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Credit: Christian Petersen/Getty Images

The fan who started the Save James Gunn petition says the issue is bigger than Guardians

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Jul 31, 2018, 4:30 PM EDT

Chandler Edwards began his petition by downplaying expectations. "I'm smart enough to know this most likely won't change anything," he acknowledged right at the top of a page calling for Disney to reinstate James Gunn as director of the next Guardians of the Galaxy movie. And you can hardly blame him for the pre-emptive humility; here was a freelance photographer from Scotland with 142 Twitter followers going up against the biggest entertainment conglomerate in the world. More than anything, the petition started out as an experiment.

"I just felt that the decision that Disney made was just an awful decision that would affect a lot of people in a bad way, not just James Gunn," Edwards tells SYFY WIRE. "And I wanted to see if people agreed with me or if it was just me thinking this way."

More than 355,000 signatures and a swell of high-profile endorsements later, it's fair to say that Edwards was definitely not alone, and that he very much underestimated the potential of his campaign.

Credit: Chris Pratt

Gunn, whose first two Guardians movies turned an obscure Marvel team into an A-list franchise, was fired from the third movie in mid-July amid an internet firestorm. Disney pulled the plug on his involvement with Marvel Studios just hours after a handful of tasteless tweets he made from 2008 to 2012 were resurfaced by far-right provocateur Mike Cernovich. But instead of earning applause for the decision, the company faced immediate blowback, from both fans of Gunn's movies and the large segment of the internet that reviles Cernovich for his history of piggish and hateful rhetoric.

Edwards' petition was one of several to be launched in the wake of the firing; thanks to both his blunt language and timely retweets from filmmakers such as Joe Carnahan and many film bloggers, his simple plea went viral in a matter of days. Disney has remained mum on the matter, and in the absence of any comment, a treasure trove of very disgusting and very false accusations against Gunn have littered the internet, compounding the issue.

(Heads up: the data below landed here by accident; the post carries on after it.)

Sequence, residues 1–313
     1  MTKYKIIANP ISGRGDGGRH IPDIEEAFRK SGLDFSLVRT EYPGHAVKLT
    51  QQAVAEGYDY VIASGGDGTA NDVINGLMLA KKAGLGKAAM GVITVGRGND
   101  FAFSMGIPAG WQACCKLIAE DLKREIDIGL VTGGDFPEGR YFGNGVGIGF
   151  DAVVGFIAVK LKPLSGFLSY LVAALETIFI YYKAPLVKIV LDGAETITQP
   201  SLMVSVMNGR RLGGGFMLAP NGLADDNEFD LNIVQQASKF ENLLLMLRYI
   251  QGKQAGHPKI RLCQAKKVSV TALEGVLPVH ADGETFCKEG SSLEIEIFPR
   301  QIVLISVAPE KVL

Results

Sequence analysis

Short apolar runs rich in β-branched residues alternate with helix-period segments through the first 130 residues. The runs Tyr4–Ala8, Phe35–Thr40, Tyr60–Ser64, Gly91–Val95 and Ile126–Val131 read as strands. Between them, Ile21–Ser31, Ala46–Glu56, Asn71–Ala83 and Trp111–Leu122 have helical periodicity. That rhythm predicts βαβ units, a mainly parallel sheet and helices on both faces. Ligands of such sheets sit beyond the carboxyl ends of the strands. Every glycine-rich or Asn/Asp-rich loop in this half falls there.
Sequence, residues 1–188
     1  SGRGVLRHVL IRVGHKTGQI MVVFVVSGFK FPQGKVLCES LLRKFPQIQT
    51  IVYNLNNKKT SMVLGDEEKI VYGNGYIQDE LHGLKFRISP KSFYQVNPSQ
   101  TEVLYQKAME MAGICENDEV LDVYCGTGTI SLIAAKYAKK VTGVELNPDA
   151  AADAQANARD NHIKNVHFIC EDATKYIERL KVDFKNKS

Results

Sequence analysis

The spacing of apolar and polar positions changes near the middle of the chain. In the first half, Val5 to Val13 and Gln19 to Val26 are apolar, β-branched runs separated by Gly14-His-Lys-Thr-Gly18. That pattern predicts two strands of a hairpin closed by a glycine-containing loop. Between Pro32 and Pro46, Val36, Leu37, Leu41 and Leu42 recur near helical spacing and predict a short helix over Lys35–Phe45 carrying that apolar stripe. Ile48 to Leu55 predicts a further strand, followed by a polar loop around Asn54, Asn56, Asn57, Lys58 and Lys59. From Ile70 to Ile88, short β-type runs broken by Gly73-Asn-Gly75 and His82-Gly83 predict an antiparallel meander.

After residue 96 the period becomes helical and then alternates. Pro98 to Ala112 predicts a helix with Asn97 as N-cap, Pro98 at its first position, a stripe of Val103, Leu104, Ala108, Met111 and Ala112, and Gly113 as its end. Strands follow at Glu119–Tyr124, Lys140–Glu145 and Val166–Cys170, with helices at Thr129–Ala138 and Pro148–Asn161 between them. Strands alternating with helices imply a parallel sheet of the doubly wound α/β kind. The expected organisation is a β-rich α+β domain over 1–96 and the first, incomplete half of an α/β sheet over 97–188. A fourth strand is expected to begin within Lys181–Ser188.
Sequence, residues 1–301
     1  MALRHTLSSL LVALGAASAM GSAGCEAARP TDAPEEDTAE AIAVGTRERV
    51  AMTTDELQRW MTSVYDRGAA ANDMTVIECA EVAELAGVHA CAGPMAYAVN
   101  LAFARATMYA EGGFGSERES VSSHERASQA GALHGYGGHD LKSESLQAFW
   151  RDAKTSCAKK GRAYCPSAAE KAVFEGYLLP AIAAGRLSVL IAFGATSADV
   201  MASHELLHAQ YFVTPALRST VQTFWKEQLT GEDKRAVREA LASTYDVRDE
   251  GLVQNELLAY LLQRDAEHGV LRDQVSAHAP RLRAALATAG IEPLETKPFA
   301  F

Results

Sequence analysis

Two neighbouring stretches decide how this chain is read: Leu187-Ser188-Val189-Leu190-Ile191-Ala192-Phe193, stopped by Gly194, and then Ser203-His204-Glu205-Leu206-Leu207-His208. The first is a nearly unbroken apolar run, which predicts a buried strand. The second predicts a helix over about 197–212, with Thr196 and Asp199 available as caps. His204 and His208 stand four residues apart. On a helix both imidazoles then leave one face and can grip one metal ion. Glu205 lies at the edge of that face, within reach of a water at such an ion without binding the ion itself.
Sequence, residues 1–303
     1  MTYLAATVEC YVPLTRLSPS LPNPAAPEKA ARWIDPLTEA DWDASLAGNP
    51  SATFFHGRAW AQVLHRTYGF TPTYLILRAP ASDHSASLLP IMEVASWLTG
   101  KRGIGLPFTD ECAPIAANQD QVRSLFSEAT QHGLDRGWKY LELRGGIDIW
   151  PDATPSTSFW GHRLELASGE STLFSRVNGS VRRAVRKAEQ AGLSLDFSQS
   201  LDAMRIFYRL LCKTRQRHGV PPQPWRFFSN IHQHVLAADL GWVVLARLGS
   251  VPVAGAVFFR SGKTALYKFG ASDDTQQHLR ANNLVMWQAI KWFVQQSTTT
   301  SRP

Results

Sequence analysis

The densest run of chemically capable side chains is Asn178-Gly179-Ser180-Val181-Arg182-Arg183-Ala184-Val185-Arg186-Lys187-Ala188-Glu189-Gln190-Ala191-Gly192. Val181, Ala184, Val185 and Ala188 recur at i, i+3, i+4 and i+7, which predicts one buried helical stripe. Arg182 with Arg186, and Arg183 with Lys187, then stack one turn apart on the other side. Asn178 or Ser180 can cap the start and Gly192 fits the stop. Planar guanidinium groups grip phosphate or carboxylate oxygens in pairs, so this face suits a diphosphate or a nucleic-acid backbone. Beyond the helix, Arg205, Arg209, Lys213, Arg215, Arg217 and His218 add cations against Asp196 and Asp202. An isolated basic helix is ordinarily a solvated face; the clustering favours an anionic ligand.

"The obvious hope is to get him back, but I think realistically I would at least like a new statement by Disney," he says. "Since it's come out, a lot of trolls have made false reports about James Gunn doing horrible things, which aren't true. I think Disney should at least, if they're not going to bring him back, at least release a statement saying they do support him in a way and these reports are false and give some credit to him."

Cernovich and other far-right bloggers have a long history of taking tweets out of context to link more liberal-leaning celebrities with pedophilia. Shortly after the tweets surfaced, Jack Posobiec started a hashtag to promote the false idea that Gunn was a pedophile, prompting Sen. Ted Cruz (R-TX) to call for his prosecution. But Gunn's tweets were nearly a decade old and written in jest (even if the jokes didn't exactly land). In 2012, Gunn addressed other controversial "jokes" he made before he was hired by Marvel to launch the Guardians franchise.

"I think Disney would have done a background check, and once you hire someone, with all that information, you have to take responsibility," Edwards says. "If something comes up afterwards, that's not on you. But I feel like knowing what they knew, once this came out and people start talking about it again, I feel like Disney has some responsibility to stick up for him or admit they knew about this beforehand. I think it was very much just throwing someone the bus in under 12 hours just so you don't look bad."

That's the difference between the explosive Roseanne Barr situation and what happened with Gunn's tweets, he says. Barr's racist tweets — were written without a hint of irony — came in real time, while Gunn's were dug up from ancient internet history. While acknowledging he's a fan of Gunn's movies, Edwards thinks the ongoing controversy is bigger than any one filmmaker or franchise. The bigger issue, he says, is the precedent it will set for all creatives going forward. He's heartened to see that the entire main cast of Guardians of the Galaxy has come out in support of Gunn, but still worries about the long-term ramifications of this precedent.

"It's going to harm anybody that comes to work for Disney. They've got a merger with Fox coming soon and it means that now they've done it once, I'm sure every troll is going to look through every new director and actor's history and try and find something bad about them, and if they don't do anything about it, then they're hypocritical," Edwards says. "They say they have a zero-tolerance policy, but that's not true because they've had people there who had been accused of much worse and they didn't fire them."

Now that the cast of the movie is on the record in support of Gunn, Edwards expects at least some kind of statement. That said, he's holding his breath, unsure it'll do much good.

"The question is how big will the statement be and how truthful the statement will be," Edwards says. "Because the first one wasn't truthful at all."